Eastern red cedar skeleton in 2012 wildfire area at the Niobrara Valley Preserve, Nebraska.
There is a lot to see in this photo.  In the foreground, you see strong growth of grasses beneath what had been a big spreading cedar tree that had been shading the ground prior to the fire.  If you look closely, you can also see stems of smooth sumac beneath the tree and behind it to the left – a healthy spreading population.  In the background, you can see skeletons of pines, oaks, and cedars on grassy hills above the river.

 

Most bur oaks in steep draws were single trunks before the 2012 wildfire, but out in the open, many were multi-trunk trees.  They must have seen at least one big fire in the past?

People who spend more time than I do along the Niobrara may find this to be old news, but I was surprised at how many old bur oaks had multiple trunks prior to the 2012 wildfire – evidence that they’d likely been through a relatively severe fire that had caused them to respond by resprouting from their bases.  We should cut a few of those old trunks apart to date that fire.   Interestingly, however, those multi-trunk trees seemed to be mainly (exclusively?) outside of the steep draws.  Those draws were full of pines and cedars, along with oaks and a few other deciduous trees, and there wasn’t much herbaceous vegetation (grasses, sedges, and forbs) beneath those trees.  The combination of steep terrain, lack of herbaceous fuel for fires, and high soil moisture (shade from trees and steep terrain), probably kept previous fires from being intense enough in those areas to top-kill oak trees.  However, the 2012 wildfire was a completely different animal, and now nearly all the bur oaks north of the river are starting their growth over from the base.  It will be very interesting to see if they all turn into big trees with 4-5 trunks again.

Bur oak with resprouts in 2012 wildfire area at TNC's Niobrara Valley Preserve, Nebraska.
A bur oak at the top edge of a draw.  The tree had been growing with five big separate trunks prior to the 2012 wildfire, and is now has many resprouts from its base again.  Further down into the draw, all the oaks I found had only one single trunk.

 

The steepest slopes at the top of ridge are still dominated by annuals.  Perennial grasses are filling in well elsewhere, except steep slopes under (formerly) dense cedars and pines.

In general, I’ve been pleasantly surprised by the density of herbaceous vegetation in much of the 2012 wildfire area north of the river.  Even where pine and cedar density was fairly high, perennial grasses and sedges are filling in pretty quickly.  The thinnest vegetation is in places where topography is particularly steep and where big pines and cedars had been growing most thickly.  Where trees were thin or non-existent before the fire, the vegetation responded just as I’d expect prairie to do – there is great plant vigor and species diversity.  Where the vegetation had been thinner prior to the fire because shade from trees, today’s plant diversity seems lower, and many patches are dominated by one or two grass species.  Species such as sand lovegrass (Eragrostis trichodes) and Scribner’s panicum (Panicum oligosanthes), for example, have formed near monocultures in many places.  I think these will diversify over time, so I think it’s great (and interesting) to see them for now.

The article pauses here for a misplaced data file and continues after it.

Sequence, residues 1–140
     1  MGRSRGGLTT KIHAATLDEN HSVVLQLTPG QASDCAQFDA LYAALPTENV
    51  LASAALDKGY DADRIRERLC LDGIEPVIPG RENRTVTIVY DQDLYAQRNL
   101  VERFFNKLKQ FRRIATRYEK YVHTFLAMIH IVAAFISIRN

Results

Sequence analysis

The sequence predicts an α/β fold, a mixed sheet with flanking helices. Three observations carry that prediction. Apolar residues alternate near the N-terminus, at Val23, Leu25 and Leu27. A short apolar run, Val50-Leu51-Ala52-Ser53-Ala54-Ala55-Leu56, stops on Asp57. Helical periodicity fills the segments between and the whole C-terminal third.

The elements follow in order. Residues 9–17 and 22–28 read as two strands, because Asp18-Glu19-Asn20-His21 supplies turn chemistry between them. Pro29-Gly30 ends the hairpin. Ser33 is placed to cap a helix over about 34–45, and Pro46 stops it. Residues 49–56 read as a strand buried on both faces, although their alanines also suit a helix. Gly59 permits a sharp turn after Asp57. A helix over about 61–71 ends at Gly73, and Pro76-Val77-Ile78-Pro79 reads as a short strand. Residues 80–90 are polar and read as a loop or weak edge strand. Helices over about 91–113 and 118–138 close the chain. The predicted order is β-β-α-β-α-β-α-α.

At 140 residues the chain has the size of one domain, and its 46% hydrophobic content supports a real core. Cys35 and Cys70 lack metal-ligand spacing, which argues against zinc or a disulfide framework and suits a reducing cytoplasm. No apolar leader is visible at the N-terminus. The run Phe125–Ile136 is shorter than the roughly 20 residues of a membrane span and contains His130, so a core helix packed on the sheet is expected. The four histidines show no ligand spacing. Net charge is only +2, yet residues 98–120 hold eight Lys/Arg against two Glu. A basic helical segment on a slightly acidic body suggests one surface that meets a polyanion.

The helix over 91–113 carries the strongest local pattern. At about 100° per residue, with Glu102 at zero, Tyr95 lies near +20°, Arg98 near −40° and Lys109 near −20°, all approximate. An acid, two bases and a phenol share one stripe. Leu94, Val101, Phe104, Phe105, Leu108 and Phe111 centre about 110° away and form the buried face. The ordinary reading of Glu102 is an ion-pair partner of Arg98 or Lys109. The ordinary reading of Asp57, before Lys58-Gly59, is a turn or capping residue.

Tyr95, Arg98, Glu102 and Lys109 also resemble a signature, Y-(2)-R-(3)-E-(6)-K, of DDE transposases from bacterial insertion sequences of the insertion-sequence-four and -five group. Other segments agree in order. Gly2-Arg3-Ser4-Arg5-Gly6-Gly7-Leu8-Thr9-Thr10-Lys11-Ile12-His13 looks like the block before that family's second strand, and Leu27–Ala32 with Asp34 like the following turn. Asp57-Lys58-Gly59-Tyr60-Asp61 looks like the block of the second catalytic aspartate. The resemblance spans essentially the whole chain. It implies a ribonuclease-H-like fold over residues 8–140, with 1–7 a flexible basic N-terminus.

Grazed sedge in 2012 wildfire area at the Niobrara Valley Preserve, Nebraska.
On this steep east-facing slope of a draw, there is still a lot of bare ground, though perennial sedges and grasses occur here and there.  Whatever the particular sedge species in this photo is, it is apparently a favorite of deer because every plant I found had been cropped very short.

However, in those steeper areas, especially near the top of the ridge, perennial grasses and sedges are still very thin, and most vegetation is annuals.  This isn’t necessarily a problem, and the annuals seem to do a pretty good job of holding the soil, but it makes me wonder about the speed and eventual trajectory of the plant community recovery in these areas.  Mostly, I’m just curious to see what happens, but I’m also a little concerned that we might see some invasive species fill in before native perennials get a foothold.  As an example, smooth brome is common in the flats above the ridge, and it’d be a shame if it also gained dominance on the steep slopes below.  I’m hopeful that the soil conditions won’t favor brome, but we’ll have to just wait and see.

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Overall, these observations just add further complexity to discussions our staff has been having about how to manage this area in the future.  We still need to decide what we want the area to become so we can guide it in that direction.  It’s all fine and good to say we’ll just let it develop however it wants to, but if the site trends toward a cedar woodland with a smooth brome understory, for example, that’s not really going to be very positive for wildlife or biological diversity.

We’d really like to encourage the bur oak trees to survive and thrive but aren’t sure what kind of fire frequency or intensity might best facilitate that.  What about deciduous shrubs?  Are we ok with letting the current clones become so large and dense that they eliminate grasses beneath them?  They would essentially be fireproof at that point, and we’d have no easy way of thinning or otherwise managing them – especially in really steep areas.  More importantly, those shrub patches would likely provide safe haven for cedars and other trees to establish and grow within those fireproof shrub clones.  Is that what we want?  If not, what are our management options?  We have lots of ideas, but still have a lot of discussing, researching, and observing to do.